JOHN--[Indignantly.] I'm not. I think I've showed my willingness to do everything I could. If Curt was only the least bit grateful! He isn't. He hates us all and wishes we were out of his home. I would have left long ago if I didn't want to do my part in saving the family name from disgrace....
|Title||:||The First Man|
|Format Type||:||Kindle Edition|
|Number of Pages||:||285 Pages|
|Status||:||Available For Download|
|Last checked||:||21 Minutes ago!|
The First Man Reviews
He didn't write Long Day's Journey into Night every time he picked up a pen you know.An eminent and restless anthropologist named Curtis Jayson decides to take a field trip to the Asian plains in search of our first ancestor, the mythical 'missing link' in the evolutionary chain. His wife Martha, who always accompanies him in his work, is not so keen, for she is in the early stages of an unannounced pregnancy.The root of the Jaysons' wanderlust is not so much their work as it is the loss of their young daughters to phnemonia years before. Curtis had referred to their having a child as being 'impossible' to his extended and clannish family, so when news of Martha's pregnancy is made known questions begin to be asked.Martha had been warned about her closeness to Curtis's best friend, the philandering Richard Bigelow, which had been commented on, drawing the disapproval by the family, slaves to the prevailing culture of 'narrow small-town ethics'. With knowledge of the pregnancy, the most scandalous conclusions are quickly drawn and the family decides to take a stand.It's always difficult to rate a play purely from the text of course, particularly a 'modern' one written in plain language. It's meant to be seen. Still, The First Man is a pretty thin drama, based entirely around one petty misconception, probably written merely in order to stick it to a bunch of provincial gossips and snobs. Underwhelming.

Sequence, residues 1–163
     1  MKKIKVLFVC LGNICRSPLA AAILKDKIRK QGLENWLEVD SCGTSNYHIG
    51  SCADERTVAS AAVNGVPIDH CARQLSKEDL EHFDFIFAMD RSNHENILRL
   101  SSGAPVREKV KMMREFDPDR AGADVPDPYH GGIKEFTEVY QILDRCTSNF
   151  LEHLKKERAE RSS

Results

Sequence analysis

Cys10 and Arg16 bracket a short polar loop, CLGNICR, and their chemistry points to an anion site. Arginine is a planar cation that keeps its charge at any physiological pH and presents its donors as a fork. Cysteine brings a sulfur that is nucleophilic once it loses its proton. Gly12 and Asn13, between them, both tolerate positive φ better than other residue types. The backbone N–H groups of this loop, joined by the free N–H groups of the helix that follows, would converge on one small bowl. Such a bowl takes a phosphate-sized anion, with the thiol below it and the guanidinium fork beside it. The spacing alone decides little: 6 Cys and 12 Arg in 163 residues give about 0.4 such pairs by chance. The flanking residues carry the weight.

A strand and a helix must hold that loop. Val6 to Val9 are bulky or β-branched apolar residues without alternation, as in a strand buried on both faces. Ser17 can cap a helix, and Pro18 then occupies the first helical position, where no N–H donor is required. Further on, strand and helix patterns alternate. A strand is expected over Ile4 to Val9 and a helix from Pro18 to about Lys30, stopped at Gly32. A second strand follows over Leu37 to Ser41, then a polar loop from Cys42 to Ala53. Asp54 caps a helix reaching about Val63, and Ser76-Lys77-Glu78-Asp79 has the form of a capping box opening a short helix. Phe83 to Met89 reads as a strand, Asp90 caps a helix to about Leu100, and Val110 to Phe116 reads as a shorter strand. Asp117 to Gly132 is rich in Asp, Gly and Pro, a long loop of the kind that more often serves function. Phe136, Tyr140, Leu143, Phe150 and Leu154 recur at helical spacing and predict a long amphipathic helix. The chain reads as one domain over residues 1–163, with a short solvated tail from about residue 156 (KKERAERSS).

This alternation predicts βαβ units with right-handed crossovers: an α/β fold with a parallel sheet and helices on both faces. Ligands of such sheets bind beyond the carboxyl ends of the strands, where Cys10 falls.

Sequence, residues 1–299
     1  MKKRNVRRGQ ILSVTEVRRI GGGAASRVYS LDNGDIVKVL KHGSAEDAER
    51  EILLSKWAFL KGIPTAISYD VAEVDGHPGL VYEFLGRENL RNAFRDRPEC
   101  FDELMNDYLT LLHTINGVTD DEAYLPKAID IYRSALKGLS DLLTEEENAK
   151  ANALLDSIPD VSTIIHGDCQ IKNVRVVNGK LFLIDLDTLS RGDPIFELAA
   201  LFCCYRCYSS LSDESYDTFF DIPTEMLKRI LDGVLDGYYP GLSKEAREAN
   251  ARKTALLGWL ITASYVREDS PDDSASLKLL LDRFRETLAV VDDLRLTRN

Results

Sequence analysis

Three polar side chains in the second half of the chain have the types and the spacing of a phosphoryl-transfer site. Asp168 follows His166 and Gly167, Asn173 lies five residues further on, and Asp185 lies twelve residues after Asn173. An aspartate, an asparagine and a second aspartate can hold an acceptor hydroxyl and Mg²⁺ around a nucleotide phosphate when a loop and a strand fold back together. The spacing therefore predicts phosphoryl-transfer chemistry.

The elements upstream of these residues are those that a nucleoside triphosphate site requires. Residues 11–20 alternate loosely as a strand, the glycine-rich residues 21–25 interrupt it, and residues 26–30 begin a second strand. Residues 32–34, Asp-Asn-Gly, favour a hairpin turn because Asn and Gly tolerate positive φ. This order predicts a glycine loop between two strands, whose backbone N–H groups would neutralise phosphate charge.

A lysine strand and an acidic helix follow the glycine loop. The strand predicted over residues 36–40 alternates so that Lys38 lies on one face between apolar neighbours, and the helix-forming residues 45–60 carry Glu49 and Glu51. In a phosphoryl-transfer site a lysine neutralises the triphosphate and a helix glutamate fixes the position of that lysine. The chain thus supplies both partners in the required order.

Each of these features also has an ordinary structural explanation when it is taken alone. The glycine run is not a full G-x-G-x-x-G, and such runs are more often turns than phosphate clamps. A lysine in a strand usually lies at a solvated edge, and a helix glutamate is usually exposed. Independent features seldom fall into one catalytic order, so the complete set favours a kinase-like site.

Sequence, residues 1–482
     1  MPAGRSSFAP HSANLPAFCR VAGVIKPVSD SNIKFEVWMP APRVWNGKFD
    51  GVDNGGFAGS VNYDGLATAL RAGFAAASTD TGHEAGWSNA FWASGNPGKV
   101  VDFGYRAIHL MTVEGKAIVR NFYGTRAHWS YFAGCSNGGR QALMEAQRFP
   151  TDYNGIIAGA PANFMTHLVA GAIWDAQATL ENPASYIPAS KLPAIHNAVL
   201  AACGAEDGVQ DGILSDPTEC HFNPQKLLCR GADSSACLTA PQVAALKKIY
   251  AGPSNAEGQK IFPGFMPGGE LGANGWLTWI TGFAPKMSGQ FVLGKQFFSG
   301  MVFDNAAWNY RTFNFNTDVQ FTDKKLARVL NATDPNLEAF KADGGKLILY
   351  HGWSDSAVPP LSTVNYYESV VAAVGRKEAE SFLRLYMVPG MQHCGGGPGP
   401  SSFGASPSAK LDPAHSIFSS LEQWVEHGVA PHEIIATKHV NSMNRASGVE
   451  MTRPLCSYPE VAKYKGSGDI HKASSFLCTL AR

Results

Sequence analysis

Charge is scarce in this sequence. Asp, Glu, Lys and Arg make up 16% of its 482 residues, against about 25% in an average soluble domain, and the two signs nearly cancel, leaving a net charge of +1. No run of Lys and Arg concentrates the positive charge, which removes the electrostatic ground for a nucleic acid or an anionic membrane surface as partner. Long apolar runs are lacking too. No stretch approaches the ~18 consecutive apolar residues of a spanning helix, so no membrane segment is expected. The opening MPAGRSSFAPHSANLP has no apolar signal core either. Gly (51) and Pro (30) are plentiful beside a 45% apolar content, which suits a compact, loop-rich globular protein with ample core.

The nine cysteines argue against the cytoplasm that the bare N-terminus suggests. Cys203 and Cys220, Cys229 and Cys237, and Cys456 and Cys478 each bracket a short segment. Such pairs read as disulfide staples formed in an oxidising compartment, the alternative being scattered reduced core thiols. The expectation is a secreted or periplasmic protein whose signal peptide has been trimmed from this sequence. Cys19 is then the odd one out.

So moving. I read Eugene O'Neill many years ago and will now re read him.